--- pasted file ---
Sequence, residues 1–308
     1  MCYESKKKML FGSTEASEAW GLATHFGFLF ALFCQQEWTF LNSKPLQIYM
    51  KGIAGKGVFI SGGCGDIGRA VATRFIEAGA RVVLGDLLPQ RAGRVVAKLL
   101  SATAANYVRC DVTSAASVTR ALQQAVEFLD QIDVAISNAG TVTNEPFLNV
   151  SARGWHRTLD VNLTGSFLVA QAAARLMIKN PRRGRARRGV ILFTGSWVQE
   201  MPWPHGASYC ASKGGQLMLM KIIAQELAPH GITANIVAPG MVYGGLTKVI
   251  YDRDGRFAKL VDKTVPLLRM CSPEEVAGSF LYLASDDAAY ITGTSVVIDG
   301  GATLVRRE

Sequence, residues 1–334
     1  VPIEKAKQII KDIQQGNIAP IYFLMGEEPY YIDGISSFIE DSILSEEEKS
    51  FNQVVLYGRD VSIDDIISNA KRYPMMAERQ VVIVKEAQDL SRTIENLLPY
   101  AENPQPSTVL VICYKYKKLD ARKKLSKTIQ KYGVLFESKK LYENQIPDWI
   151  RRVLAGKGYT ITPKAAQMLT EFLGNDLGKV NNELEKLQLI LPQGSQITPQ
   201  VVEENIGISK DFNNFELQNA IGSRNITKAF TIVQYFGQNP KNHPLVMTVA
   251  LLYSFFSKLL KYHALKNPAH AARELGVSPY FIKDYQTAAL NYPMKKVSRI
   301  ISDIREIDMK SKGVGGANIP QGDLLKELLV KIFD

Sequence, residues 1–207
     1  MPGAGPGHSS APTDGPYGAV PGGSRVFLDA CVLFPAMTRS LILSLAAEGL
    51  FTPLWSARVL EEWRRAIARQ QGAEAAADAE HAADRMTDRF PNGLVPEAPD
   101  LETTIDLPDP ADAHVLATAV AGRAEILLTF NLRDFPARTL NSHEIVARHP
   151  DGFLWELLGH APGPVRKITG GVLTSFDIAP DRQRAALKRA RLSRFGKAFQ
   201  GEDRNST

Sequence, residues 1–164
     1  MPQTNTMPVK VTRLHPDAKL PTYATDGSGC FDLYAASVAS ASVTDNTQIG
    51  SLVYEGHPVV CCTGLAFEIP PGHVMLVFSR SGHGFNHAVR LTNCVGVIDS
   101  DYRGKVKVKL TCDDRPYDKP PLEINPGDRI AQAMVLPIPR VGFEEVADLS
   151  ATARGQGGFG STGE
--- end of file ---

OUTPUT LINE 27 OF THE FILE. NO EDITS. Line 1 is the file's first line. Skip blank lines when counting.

   151  ATARGQGGFG STGE